Tuesday, November 18, 2014
U.S. Court Finds that an Athletics Association's Rules Restricting Payments to Student-Athletes Violate Antitrust Laws (O’Bannon v. NCAA)
Michael Carrier, Rutgers Camden describes U.S. Court Finds that an Athletics Association's Rules Restricting Payments to Student-Athletes Violate Antitrust Laws (O’Bannon v. NCAA).
ABSTRACT: In O'Bannon v. NCAA, the court found that the NCAA violated antitrust law by enacting rules preventing student-athletes from being paid for the use of their names, images, and likenesses in videogames, live game telecasts, and other television footage.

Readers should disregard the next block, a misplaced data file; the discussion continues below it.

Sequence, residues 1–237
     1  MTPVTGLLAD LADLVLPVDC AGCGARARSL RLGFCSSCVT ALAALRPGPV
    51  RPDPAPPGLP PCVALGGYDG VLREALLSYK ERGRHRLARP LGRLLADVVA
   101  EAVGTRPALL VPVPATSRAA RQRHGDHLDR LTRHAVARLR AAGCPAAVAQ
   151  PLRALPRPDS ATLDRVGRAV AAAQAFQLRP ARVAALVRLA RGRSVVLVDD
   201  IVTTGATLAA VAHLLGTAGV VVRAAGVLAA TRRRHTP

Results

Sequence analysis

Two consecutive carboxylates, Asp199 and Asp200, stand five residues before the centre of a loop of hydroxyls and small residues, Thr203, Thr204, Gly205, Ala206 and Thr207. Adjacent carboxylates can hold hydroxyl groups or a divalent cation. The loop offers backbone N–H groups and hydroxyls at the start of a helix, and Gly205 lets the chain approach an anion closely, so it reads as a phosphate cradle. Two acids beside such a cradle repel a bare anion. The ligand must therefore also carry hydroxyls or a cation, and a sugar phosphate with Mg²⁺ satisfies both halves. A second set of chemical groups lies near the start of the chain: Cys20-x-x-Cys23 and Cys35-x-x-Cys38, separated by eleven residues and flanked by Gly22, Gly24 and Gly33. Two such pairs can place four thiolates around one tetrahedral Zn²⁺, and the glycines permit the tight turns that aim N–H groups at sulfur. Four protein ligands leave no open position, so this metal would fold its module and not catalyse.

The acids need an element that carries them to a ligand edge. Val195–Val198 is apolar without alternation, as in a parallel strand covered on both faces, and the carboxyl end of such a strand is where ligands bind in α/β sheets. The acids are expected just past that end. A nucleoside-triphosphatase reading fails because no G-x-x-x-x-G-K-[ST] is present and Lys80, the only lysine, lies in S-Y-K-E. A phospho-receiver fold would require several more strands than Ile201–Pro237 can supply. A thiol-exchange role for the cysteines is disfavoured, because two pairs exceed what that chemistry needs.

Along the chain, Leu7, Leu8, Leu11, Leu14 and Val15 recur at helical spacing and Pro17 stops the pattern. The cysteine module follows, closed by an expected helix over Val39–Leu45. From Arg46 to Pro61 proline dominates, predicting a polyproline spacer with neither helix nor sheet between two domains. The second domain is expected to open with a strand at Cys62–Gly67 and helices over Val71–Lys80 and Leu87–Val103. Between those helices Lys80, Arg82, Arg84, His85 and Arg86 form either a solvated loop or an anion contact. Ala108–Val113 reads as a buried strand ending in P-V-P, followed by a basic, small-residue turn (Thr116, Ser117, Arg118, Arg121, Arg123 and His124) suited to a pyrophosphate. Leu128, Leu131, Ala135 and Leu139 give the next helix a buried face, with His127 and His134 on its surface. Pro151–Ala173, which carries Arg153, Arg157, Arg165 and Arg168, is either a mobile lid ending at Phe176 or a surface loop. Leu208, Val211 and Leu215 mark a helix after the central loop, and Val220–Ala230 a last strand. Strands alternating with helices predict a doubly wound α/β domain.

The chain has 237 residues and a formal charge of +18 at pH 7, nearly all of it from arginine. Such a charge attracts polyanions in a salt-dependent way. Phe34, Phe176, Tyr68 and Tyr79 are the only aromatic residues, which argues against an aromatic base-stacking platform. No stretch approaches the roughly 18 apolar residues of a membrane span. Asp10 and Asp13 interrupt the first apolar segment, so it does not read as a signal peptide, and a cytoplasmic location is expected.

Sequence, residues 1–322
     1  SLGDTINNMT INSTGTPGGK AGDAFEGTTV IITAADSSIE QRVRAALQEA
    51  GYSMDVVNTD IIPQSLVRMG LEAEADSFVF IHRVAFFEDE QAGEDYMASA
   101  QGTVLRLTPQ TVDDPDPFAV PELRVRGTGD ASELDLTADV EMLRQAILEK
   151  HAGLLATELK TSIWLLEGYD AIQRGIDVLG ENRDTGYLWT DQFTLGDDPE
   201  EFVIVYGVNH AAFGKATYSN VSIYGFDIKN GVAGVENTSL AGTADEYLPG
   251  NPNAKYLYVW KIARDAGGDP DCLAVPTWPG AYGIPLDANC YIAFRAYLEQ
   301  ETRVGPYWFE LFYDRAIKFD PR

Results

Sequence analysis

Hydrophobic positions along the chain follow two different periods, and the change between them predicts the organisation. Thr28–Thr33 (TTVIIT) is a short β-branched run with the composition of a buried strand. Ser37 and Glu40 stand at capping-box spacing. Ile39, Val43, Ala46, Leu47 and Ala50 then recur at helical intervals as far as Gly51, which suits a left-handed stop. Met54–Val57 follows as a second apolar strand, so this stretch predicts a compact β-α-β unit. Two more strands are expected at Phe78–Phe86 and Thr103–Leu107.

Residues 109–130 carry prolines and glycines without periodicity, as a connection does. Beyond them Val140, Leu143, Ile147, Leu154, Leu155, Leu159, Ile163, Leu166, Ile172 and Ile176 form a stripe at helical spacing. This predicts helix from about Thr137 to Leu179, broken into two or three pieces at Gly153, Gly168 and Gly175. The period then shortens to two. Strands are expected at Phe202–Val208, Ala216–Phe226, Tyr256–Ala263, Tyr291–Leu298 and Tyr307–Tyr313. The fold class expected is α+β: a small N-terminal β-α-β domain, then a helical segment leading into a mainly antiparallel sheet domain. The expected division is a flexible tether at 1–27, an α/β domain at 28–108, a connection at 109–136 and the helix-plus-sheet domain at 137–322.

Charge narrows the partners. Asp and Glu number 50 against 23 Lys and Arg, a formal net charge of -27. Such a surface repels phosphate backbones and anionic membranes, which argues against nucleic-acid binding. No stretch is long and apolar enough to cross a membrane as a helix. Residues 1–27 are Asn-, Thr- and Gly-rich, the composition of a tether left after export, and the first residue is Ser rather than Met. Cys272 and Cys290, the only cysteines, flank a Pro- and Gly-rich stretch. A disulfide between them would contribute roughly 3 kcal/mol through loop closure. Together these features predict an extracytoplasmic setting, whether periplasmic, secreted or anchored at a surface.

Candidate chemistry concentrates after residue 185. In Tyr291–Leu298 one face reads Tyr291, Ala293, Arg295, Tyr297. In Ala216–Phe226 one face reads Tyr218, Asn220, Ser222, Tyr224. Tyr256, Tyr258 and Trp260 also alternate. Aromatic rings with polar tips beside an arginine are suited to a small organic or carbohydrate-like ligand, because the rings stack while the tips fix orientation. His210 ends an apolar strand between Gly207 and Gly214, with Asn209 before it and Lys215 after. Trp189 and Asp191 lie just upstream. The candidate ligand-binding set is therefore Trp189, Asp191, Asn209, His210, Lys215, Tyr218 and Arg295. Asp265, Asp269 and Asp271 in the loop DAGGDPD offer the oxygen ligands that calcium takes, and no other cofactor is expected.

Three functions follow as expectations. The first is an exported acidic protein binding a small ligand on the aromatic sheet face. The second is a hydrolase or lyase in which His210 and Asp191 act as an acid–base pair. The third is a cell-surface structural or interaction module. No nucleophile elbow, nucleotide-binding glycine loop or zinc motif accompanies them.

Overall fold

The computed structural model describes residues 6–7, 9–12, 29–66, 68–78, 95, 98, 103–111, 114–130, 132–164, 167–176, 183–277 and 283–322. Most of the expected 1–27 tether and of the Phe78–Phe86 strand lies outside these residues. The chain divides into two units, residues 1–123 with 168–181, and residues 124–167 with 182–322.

This short article examines the opinion, in particular the court's discussion of (1) the plaintiffs' showing of anticompetitive effects, (2) the NCAA's inability to justify the restraint, (3) less restrictive alternatives, and (4) an injunction blocking the NCAA's rules.
The article concludes by situating the opinion in the context of other recent developments, including the Jenkins and Alston cases, Northwestern unionization case, congressional hearings, and changes made by individual schools and conferences.